What is Evangelism?
Evangelism: Do We Really Need to Define it?
With all of the excitement surrounding evangelistic activity today it may seem unnecessary to assume one needs a precise definition of it. We live in a day and age where you will hardly find an evangelical church that does not place a heavy emphasis on evangelism and missions. It may not be the very thing that stands out on their website, or in their weekly ministries tab, but nonetheless a sure way to offend any Minister of the Gospel today would be to tell them you perceive that they do not prioritize evangelism. Next to attending church every Sunday, evangelism seems (to evangelical Christians in America) to be one of the most obvious duties that believers are called to. But in the midst of all this excitement and activity, can it be said that we have maintained a pure and stable definition?
Next time you have the opportunity, ask your Sunday School class, or Bible Study, ‘What is evangelism?’, and pay close attention to the answers that people will provide. You will typically hear very noble answers such as, ‘evangelism is winning people to Jesus Christ’, ‘evangelism is growing the church’, or ‘evangelism is advancing the kingdom of God.’ Quite often, evangelism is simply referred to as ‘soul-winning’; most believers would readily accept ‘soul-winning’ as a sufficient synonym for evangelism. In some circles, evangelism is defined or measured by a church’s positive impact on the city or surrounding culture. Now, while we may find many of these definitions quite exhilarating (I know I do), what if I were to tell you that these common definitions fall short of properly defining evangelism at all?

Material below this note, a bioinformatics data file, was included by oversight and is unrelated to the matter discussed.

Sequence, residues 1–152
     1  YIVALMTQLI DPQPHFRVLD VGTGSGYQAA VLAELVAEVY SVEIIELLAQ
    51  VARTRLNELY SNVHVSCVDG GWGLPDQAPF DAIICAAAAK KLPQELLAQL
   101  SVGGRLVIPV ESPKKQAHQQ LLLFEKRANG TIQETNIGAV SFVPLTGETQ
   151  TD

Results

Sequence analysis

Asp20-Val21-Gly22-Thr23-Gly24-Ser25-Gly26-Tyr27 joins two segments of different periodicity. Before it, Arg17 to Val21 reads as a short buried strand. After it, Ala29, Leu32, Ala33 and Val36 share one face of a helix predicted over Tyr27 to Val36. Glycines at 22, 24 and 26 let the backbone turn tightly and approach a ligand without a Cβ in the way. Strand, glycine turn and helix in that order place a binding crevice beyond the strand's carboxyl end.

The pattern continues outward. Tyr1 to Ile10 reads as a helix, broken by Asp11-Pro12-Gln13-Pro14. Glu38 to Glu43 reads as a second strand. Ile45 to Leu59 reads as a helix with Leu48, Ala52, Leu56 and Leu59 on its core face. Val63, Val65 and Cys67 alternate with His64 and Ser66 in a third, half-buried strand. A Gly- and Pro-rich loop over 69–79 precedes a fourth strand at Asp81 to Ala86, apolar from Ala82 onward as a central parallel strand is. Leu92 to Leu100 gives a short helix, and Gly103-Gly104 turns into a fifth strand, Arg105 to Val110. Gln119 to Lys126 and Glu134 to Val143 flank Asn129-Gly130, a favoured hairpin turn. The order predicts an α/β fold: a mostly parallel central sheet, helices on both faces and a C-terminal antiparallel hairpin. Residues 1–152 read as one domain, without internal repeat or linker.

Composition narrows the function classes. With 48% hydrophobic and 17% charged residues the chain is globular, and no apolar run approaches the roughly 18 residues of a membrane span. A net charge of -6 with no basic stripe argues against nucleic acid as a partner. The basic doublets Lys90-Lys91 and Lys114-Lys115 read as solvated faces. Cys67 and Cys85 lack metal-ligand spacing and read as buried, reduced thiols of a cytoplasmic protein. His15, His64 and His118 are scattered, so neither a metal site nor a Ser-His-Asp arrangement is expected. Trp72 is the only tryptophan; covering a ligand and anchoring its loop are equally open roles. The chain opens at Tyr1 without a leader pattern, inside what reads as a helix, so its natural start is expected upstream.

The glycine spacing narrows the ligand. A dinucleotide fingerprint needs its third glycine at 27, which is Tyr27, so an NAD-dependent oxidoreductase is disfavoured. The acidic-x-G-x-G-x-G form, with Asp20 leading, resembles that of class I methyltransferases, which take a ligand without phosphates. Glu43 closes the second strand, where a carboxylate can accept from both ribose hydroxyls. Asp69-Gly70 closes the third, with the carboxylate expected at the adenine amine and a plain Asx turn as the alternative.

Defining and Distinguishing
The subtle reason why these common definitions (mentioned above) are defective is that they are all attempting to define evangelism by the fruit of evangelism, rather than by the activity of evangelism itself. The late JI Packer observed this tendency when he wrote, ‘It is our widespread and persistent habit of defining evangelism in terms, not of a message delivered, but of an effect produced in our hearers’. We are prone to define evangelism in terms of the outcome or responses, rather than in terms of simply delivering the Gospel of Jesus Christ. Recognizing this tendency to confuse the two, is the biggest step forward in properly understanding evangelism. The most basic and accurate definition of evangelism is sharing the biblical Gospel with the lost. Period. Positive responses, results, decisions, influence, conversions or numbers that may come about as a result of evangelistic activity should not even come in and contribute to our definition. Any time the Gospel is faithfully communicated to the lost, whether it is from the pulpit or in a one-on-one conversation, whether it is at the dinner table, or through the form of a written tract, the person communicating God’s Gospel to those who need it is already evangelizing. This explicitly means that evangelism is evangelism prior to, and even independent of, the fruit that comes from evangelism.